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Centrelink payments for pensioners to rise by $500 a year

  • Aged Pension is increasing by $13.20 a fortnight for singles, $19.80 for couples
  • Centrelink benefits for retirees are indexed twice a year to adjust for inflation 
  • Pensioners will also enjoy small increases to pension and energy supplements 

Pensioners will receive almost $350 extra a year following the latest increase in their Centrelink payment.

The single welfare benefit is increasing to $907.60 a fortnight from $894.40, with the pension and energy supplements included.

That $13.20 Centrelink increase equates to an extra $343 a year.

Pensioners will have extra change to buy four extra cups of takeaway coffee a fortnight

The single welfare benefit is increasing to $907.60 from $894.40, with the pension and energy supplements included

The single welfare benefit is increasing to $907.60 from $894.40, with the pension and energy supplements included

Couples are also receiving more in their pockets from Tuesday, with married and de facto pensioners to get $1,368.20 a fortnight, up from $1348.40.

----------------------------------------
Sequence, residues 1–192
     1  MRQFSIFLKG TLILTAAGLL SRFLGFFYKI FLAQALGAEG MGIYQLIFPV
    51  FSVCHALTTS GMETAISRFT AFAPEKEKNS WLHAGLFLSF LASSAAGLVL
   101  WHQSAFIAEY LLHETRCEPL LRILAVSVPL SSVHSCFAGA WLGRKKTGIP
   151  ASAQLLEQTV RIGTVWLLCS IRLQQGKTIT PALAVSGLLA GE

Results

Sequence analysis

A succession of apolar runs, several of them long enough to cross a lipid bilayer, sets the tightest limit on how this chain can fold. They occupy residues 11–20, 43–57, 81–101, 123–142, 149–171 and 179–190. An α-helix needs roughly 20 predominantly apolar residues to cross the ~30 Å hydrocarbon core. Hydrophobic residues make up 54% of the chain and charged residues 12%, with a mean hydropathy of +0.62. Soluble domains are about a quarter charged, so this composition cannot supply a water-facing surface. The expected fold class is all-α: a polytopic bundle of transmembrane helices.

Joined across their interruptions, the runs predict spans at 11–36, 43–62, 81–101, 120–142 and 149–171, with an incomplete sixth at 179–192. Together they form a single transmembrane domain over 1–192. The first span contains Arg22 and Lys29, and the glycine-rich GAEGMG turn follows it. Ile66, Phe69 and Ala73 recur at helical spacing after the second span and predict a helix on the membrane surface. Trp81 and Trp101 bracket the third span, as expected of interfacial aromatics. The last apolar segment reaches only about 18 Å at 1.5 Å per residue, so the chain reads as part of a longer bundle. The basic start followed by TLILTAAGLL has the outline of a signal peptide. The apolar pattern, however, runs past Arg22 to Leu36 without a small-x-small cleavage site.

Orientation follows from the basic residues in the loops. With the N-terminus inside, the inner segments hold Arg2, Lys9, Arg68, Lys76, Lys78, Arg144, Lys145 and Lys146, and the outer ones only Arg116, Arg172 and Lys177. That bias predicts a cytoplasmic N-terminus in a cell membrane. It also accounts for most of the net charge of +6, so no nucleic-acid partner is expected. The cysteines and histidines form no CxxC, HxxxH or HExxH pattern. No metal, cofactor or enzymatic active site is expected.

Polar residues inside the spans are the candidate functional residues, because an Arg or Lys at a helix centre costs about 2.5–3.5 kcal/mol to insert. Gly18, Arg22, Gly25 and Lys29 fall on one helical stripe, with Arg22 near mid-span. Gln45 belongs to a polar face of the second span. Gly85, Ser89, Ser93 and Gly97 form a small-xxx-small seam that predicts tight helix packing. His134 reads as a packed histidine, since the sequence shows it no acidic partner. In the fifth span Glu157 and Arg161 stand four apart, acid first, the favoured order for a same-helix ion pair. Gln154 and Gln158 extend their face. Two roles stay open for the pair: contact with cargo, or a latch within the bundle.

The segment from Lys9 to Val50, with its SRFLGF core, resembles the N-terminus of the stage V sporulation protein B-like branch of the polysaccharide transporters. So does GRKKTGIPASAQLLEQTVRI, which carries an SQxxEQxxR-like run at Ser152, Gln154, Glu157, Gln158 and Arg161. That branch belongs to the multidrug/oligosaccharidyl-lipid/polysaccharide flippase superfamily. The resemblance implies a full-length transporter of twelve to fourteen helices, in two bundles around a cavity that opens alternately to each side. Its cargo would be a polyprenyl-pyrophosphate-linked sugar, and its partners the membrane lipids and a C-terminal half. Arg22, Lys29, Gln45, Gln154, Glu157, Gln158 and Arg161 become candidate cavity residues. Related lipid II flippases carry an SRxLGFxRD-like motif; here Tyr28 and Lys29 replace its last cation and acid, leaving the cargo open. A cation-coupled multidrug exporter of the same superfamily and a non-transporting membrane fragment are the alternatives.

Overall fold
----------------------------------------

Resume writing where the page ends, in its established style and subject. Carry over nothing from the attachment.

That extra $19.80 equates to another $515 a year in their pockets.

The Department of Human Services indexes the Age Pension benefit twice a year so benefits rise in line with inflation.

The $67.30 Pension Supplement for singles and $50.70 for couples is paid fortnightly with the Age Pension and is designed to help the elderly with everyday expenses.

The Department of Human Services indexes the Age Pension benefit twice a year so benefits rise in line with inflation

Single pensioners will also receive a $14.10 Energy Supplement, compared with a $10.60 payment for couples, are part of the former Gillard government’s carbon tax, which has since been scrapped.  

The good news for pensioners comes a week after the Labor Opposition promised to scrap tax credits for retirees who paid no income tax but lived off their superannuation and received share dividends from corporations that had already paid company tax. 

This change is expected to affect more than 230,000 pensioners, as part of a Labor plan to tighten dividend imputations in a bid to save the budget $5 billion a year. 



Read more at DailyMail.co.uk